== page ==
When asked how the tension between nationalism and internationalism affects Korea’s choice, the response indicated variations over time. From the 1960s nationalism was boosted by pride in Korean culture, expressed in competition with North Korean claims to have more legitimacy as the heir to tradition and the national liberation movement, and increasingly in economic results. Yet, with democracy, South Korea became a model for the world, soon backed by the global aura of its dramas and K-pop. “Global Korea” further boosted Korea’s image as a contributor to the liberal international order. Yet, the weight of internationalism was not as great as many said, especially for many left behind. Distrust of the US, as if it was in Korea for selfish motives, was one sign. Refusal to focus on Japan’s place in the liberal order rather than its pre-1945 history was another. The allure of reunification as a boost to nationalism was a third. Whenever the North opened the door to diplomacy, the response would test the degree of internationalism. In this discussion, there is the whiff of insufficient internationalism in doubts raised toward Seoul.
Tensions in the ROK-US alliance?
A subtext running through discussions of Korea’s choice is how are the strains in the alliance influencing that choice. Of course, when the alliance is proceeding smoothly, a choice at odds with strong US-ROK ties is unlikely. The very fact that a choice is up for discussion raises the level of tension in the alliance. So far, Kim Jong-un has cleverly driven a wedge between the two, recognizing that Moon Jae-in entered office eager for upbeat diplomacy with him, but he has not followed through with a strategy for widening the wedge by giving Moon adequate cooperation rather than hurling blame at Moon for being a lackey of the United States rather than a supporter of the national cause, which, naturally, Kim gets to define. This approach is too abrasive to give Seoul much of a choice. So far, the situation has remained sufficiently under control for officials from both Washington and Seoul to be able to insist that coordination is close and no gap exists, but few listeners to such optimistic claims are inattentive to the many strains testing relations.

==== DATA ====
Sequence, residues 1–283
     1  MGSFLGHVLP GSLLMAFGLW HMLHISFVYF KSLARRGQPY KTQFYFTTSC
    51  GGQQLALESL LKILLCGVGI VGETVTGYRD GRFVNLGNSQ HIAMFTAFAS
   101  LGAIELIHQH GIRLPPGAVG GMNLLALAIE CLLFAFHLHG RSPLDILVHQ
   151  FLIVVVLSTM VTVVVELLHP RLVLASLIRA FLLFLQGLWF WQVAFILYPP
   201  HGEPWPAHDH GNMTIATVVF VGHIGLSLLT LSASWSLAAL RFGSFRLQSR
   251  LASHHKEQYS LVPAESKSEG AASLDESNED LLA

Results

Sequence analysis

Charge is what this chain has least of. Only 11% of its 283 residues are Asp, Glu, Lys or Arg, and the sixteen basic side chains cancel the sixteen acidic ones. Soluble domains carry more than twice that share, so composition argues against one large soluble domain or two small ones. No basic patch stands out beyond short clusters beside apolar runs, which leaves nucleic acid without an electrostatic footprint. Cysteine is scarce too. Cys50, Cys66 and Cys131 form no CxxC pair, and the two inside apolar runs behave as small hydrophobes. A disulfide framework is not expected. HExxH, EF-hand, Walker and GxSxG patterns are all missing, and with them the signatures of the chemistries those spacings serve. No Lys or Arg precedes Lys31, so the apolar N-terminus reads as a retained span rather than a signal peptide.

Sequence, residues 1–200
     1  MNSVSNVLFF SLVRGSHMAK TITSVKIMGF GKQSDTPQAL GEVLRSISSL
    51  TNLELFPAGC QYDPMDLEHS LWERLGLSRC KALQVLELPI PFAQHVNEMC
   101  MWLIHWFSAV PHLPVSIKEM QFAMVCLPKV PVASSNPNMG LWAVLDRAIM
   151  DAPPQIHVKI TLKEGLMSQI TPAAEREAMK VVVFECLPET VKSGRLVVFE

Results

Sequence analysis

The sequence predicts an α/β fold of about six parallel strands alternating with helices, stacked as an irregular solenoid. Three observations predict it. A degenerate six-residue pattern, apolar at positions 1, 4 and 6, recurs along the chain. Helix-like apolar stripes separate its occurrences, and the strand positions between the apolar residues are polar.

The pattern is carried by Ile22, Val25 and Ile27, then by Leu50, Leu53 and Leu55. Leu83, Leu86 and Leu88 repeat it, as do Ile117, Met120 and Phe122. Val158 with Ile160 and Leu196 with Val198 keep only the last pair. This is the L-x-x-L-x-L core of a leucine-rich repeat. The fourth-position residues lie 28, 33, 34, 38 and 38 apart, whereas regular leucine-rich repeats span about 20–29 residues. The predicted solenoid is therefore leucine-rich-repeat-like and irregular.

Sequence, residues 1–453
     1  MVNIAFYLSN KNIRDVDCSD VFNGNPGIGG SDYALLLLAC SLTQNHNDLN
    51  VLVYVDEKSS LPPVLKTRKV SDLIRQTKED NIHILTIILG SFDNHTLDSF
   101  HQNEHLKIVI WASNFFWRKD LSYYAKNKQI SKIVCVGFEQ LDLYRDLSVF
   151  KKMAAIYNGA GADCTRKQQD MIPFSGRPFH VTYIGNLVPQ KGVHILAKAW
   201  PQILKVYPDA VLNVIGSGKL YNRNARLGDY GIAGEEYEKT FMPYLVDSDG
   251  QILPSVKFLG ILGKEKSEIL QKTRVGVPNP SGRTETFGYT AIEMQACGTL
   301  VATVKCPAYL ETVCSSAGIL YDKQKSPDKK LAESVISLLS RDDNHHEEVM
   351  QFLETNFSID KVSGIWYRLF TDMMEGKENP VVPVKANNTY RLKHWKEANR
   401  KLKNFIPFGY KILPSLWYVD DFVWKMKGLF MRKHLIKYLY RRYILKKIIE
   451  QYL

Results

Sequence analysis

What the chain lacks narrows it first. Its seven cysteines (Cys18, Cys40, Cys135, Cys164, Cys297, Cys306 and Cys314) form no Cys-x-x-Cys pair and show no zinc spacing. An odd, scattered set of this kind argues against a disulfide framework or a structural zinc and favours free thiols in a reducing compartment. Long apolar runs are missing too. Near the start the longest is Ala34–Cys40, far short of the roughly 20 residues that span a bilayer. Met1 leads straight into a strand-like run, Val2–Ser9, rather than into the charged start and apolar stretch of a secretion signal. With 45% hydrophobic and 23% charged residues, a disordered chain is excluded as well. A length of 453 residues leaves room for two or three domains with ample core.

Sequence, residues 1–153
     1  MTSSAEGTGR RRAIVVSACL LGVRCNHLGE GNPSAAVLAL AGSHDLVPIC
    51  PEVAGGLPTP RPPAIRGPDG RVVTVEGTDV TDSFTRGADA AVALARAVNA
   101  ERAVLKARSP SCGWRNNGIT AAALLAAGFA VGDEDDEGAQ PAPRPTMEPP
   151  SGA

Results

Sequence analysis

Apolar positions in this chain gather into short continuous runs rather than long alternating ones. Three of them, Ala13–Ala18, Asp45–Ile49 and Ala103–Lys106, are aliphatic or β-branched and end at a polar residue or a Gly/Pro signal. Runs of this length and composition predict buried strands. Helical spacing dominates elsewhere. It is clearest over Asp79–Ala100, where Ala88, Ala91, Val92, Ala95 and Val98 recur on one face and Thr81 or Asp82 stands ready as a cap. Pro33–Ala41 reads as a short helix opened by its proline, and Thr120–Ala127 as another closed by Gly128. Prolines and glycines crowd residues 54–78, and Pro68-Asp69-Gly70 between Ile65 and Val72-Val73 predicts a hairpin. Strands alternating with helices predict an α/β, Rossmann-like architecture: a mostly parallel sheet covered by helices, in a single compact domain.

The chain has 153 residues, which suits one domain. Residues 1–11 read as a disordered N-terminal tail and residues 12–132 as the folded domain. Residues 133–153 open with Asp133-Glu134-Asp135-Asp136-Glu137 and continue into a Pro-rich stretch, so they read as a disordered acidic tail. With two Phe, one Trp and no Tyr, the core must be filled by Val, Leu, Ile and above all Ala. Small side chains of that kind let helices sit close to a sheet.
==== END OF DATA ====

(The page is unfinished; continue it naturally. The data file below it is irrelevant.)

Moon Jae-in keeps seeking sanctions relief, centering on intra-Korean projects, at odds with the US insistence on maximum pressure until denuclearization. Neither holds tightly to these views, as Moon tries to show Kim Jong-un his commitment to their relationship even if he cannot really deliver, and Trump conveys an image of toughness when he is actually eager to cut a deal. Both give the impression of dismissing the other’s concerns, even if some think that this is a “good cop, bad cop” situation. Observers cannot avoid the conclusion that the alliance is in trouble, viewing the cause in values more than interests. It is likely that few who focus on the theme of “Korea’s choice” treat Moon’s inclinations as a sober reflection of national interests. Similarly, Trump is not known for weighing national interests in his spontaneous decision-making tweets. Yet, many view Trump as the greater danger for the alliance since he disparages it and demands changes to bilateral relations regarded as bullying in Seoul with threats of what he might do.
Is the US-Japan alliance affecting Korea’s choice?